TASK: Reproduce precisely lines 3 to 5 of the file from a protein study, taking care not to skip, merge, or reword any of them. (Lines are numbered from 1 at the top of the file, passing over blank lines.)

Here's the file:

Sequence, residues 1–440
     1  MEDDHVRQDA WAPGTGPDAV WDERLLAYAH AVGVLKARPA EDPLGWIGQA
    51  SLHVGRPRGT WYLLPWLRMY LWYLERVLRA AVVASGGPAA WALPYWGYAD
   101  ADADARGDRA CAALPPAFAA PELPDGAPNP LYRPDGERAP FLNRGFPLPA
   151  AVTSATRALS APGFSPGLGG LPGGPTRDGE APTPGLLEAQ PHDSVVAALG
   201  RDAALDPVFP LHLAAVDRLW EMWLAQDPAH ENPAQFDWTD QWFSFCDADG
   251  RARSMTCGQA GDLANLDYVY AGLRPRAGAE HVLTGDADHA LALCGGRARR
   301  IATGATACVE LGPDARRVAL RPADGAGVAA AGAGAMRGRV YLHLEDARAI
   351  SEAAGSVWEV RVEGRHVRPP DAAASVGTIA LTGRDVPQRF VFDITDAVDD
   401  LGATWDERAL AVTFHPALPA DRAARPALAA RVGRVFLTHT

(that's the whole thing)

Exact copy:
    51  SLHVGRPRGT WYLLPWLRMY LWYLERVLRA AVVASGGPAA WALPYWGYAD
   101  ADADARGDRA CAALPPAFAA PELPDGAPNP LYRPDGERAP FLNRGFPLPA
   151  AVTSATRALS APGFSPGLGG LPGGPTRDGE APTPGLLEAQ PHDSVVAALG